3: A Library or Sunroom

Both of these rooms have the ability to delight a few and intimidate many. If you aren't into plants and don't read much, then having a library or sunroom in your home is a little like growing an extra toe on your left foot. It's inconvenient and pretty useless.

You may adore activities that would make either of these rooms a wonderful indulgence, but when you move, don't expect most potential buyers to share your passions. To a degree, the same can be said for built-in bookshelves and those little, bump out greenhouse windows, too.


2: Sheds

A shed can take up prime real estate on your property.
Rich Thompson/Workbook Stock/Getty Images

Having outbuildings on your lot can sometimes be an eyesore to others. Oh yeah, they're great for additional storage, but they also broadcast to everyone in viewing range that you don't have enough room for all your stuff inside your house. Worse than that, sheds are notorious for letting their contents get damp and moldy. Instead of a mini Quonset hut on your property, look for homes with creative storage solutions, like attics with stairs and modular overhead garage storage.


1: Pools, Ponds and Other Water Features

Most people who contemplate buying a home have considered the seductive lure of a water feature. Imagine this: You're sitting near your pool on a hot day with a cold drink in your hand and a great book on your lap. The gently undulating water is casting dappled reflections on the deck, and you can hear bird song in the distance. Ahhh.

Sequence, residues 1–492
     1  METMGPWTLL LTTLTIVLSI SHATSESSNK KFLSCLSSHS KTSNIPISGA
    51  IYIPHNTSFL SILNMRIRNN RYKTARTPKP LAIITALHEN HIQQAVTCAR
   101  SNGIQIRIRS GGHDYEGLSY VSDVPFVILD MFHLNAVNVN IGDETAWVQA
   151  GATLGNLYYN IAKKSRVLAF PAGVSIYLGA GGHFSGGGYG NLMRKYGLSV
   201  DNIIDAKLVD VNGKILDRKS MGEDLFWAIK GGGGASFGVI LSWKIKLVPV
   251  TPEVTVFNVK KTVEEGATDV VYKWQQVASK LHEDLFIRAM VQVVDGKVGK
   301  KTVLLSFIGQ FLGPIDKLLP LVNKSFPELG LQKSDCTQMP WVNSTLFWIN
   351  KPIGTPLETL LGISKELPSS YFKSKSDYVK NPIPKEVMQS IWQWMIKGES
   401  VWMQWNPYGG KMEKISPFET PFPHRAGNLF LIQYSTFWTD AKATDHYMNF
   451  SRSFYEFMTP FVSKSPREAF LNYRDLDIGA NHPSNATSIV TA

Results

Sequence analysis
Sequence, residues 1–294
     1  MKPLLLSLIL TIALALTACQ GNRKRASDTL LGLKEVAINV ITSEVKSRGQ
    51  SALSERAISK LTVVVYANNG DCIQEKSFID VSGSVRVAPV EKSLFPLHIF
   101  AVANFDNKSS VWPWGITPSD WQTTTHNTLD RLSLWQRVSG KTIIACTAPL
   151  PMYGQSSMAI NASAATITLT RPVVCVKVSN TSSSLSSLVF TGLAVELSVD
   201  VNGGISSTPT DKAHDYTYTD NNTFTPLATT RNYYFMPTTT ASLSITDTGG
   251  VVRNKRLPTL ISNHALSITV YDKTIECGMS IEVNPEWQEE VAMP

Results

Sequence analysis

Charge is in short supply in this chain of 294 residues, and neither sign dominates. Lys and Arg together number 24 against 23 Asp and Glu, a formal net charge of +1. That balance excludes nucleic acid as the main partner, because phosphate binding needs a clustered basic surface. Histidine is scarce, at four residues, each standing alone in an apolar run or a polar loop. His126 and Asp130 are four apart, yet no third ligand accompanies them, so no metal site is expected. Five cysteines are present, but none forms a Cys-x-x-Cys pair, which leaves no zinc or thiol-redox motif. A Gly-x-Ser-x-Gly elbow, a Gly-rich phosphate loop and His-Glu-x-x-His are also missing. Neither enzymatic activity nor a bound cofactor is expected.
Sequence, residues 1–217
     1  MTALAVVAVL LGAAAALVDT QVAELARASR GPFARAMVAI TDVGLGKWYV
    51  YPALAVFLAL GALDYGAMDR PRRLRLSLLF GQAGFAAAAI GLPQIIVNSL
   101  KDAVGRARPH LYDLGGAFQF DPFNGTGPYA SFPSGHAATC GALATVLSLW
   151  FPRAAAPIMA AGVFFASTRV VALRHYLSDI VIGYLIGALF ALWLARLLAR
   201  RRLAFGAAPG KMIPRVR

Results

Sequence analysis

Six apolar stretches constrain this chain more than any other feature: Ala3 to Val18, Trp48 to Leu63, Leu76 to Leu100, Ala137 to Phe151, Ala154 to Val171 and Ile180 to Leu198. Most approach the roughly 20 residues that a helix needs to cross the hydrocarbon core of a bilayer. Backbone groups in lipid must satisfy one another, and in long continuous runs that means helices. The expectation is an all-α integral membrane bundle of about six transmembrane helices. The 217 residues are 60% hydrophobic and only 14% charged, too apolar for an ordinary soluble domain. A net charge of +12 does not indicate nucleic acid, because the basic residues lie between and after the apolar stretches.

The reality is that you probably won't be sitting around the pool as much as you'll be walking around it with a long poled skimmer removing leaves and gunk. You'll also be spending a lot of time adding chemicals and doing other maintenance. Ponds aren't much better. Need we say that any water feature on your lot is also a potential drowning hazard for young children and animals? Although they're great in theory, for these and other reasons, pools, ponds, lakes, creeks and any other outdoor aquatic environments on your property are problematic at best.

Lots More Information